Friday, November 09, 2012

Rive Oriental du Nil

'He would like to travel, if he could, stretched out on a sofa and not stirring, watching landscapes, ruins and cities pass before him like the screen of a panorama, mechanically unwinding.'  
Thus, thirty years later, Maxime du Camp recalled the attitude of his travelling companion, Gustave Flaubert, on their journey down the Nile to Thebes. 'This journey, which he had so cherished as a dream and whose realization had seemed to him impossible, did not satisfy him.' However, as Alain de Botton pointed out in The Art of Travel, Flaubert's youthful attraction to Egypt had not been misconceived, 'he simply replaced an absurdly idealised image with a more realistic but nevertheless still profoundly admiring one, he exchanged a youthful crush for a knowledgeable love.'  Writing to his mother, Flaubert said that his experience of Egypt had in fact extended far beyond the narrow idea he had held of it.  'I have found, clearly, delineated, everything that was hazy in my mind.'  This clear delineation can be seen in Flaubert's travel notes, which include the kind of luminous realistic details he would seek to write into Madame Bovary.  And in addition, Flaubert and du Camp had promised the Institut de France photographs of monuments and casts of inscriptions obtained by applying wet paper (a tedious process Flaubert often complained about in his travel notes). The image below seems to capture a sense of the country coming into focus.  

"Rive Oriental du Nil, Nubie"

1849-50, calotype



Maxime du Camp, Rive Oriental du Nil, Nubie, 1849-50
Source: Lee Gallery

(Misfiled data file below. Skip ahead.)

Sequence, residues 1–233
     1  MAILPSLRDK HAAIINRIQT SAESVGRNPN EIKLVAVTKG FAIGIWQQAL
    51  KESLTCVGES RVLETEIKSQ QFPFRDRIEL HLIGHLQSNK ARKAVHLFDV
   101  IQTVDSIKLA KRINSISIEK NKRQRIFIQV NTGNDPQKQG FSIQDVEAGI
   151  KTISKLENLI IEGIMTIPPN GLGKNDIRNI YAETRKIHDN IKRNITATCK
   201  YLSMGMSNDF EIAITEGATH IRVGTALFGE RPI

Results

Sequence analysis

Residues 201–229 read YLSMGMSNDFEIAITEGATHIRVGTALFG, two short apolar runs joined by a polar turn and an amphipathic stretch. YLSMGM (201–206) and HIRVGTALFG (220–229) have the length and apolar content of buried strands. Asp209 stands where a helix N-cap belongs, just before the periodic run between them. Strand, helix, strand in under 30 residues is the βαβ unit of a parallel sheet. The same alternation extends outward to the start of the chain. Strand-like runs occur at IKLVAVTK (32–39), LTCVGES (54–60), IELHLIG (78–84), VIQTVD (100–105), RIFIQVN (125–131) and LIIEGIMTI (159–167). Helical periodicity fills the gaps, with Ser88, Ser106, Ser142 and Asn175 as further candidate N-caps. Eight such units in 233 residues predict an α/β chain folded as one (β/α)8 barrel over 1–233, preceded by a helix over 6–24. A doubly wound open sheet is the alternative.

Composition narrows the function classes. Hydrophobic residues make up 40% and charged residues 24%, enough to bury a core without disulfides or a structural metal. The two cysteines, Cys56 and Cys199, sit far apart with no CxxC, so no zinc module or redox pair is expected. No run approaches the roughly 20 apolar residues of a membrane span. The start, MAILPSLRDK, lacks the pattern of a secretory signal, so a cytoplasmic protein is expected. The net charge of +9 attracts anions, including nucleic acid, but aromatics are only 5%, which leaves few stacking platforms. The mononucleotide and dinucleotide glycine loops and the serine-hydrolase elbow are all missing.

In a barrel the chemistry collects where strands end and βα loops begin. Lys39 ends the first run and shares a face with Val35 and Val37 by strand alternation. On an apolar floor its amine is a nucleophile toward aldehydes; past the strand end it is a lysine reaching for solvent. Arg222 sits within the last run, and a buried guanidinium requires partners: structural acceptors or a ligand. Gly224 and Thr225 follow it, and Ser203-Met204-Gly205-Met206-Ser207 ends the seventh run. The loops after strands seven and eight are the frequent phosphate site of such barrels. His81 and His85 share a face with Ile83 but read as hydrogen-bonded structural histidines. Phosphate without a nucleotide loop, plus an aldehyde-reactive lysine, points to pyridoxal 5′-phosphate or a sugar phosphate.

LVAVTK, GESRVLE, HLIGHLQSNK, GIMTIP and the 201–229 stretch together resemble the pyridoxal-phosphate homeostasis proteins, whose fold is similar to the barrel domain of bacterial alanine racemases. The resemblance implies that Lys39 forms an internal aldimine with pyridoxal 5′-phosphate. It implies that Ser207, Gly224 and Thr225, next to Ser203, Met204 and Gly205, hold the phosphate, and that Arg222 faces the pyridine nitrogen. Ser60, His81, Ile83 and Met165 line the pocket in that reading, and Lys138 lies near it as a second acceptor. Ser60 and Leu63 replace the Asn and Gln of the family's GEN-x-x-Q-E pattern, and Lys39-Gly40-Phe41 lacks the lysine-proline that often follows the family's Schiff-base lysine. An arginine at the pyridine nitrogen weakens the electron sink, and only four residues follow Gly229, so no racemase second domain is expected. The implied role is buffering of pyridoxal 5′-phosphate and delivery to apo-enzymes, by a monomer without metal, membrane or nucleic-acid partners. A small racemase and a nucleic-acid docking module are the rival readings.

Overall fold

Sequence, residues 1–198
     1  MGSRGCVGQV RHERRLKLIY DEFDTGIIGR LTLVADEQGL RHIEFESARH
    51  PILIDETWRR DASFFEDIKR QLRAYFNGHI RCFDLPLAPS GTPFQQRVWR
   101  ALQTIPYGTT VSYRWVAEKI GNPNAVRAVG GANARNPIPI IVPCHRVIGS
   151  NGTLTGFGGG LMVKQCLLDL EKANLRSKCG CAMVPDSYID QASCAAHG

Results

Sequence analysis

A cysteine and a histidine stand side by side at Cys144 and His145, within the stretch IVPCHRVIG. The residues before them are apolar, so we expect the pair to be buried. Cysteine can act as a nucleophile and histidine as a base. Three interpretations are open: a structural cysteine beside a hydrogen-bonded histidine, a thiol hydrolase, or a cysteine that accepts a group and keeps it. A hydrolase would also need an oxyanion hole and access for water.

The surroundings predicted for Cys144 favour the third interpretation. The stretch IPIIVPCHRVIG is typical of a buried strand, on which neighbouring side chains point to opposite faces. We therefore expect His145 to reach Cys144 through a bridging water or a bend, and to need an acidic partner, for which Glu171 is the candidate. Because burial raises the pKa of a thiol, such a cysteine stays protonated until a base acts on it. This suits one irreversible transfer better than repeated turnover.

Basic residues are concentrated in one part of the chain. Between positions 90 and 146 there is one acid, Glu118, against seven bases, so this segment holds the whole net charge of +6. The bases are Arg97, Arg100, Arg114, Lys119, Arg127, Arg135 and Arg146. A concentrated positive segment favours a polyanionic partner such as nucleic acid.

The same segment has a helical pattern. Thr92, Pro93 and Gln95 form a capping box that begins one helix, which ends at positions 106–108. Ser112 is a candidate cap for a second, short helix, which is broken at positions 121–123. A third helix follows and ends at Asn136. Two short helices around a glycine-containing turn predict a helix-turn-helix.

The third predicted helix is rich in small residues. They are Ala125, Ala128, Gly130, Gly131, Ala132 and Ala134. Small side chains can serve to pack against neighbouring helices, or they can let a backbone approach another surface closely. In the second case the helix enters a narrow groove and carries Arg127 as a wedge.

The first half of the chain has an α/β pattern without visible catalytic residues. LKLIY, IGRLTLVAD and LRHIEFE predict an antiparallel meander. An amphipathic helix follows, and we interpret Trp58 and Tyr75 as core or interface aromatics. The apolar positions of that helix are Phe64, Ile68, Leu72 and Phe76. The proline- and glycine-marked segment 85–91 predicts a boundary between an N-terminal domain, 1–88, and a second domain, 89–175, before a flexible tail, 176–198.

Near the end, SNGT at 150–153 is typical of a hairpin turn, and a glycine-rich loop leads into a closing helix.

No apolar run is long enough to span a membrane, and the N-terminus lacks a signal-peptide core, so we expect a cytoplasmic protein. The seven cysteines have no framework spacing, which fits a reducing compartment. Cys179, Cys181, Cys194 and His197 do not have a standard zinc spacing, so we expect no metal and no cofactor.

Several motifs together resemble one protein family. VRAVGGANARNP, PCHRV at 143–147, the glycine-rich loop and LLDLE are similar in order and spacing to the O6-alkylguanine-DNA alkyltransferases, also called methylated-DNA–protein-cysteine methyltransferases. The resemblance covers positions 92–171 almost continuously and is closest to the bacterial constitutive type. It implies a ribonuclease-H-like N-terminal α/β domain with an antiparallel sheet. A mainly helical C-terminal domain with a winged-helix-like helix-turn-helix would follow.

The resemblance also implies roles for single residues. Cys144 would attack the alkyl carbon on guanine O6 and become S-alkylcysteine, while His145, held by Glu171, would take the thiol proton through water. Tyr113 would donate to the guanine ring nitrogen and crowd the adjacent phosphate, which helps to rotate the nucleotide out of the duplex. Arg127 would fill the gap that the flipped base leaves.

[A footnote in Francis Steegmuller's wonderful compilation of letters and journals, Flaubert in Egypt, suggests that Maxime De Camp's reference to a panorama in the quotation above may reflect the fact that they encountered in Egypt the renowned panorama painter, Colonel Jean-Charles Langlois (1789-1870).  Langlois is a fascinating figure - a former student of Horace Vernet and an officer under Napoleon, whose rotunda in Paris opened with a panorama of the Naval Battle of Navarino featuring imitation terrain, gas lighting to simulate fire and ventilation to convey the breeze off the sea.  In 1839 a new grander rotunda was built and panoramas like The Burning of Moscow were a huge success, although profits were declining by the time du Camp and Flaubert met Langlois on the Nile.  Langlois used his Egyptian drawings for Battle of the Pyramids (1853) but two years later the rotunda was taken over and Langlois returned to active military service in the Crimea.  The connection between art and war continued even after his death: in 1944, during the Battle for Caen, half the paintings that had been housed in a special Langlois museum were destroyed.]

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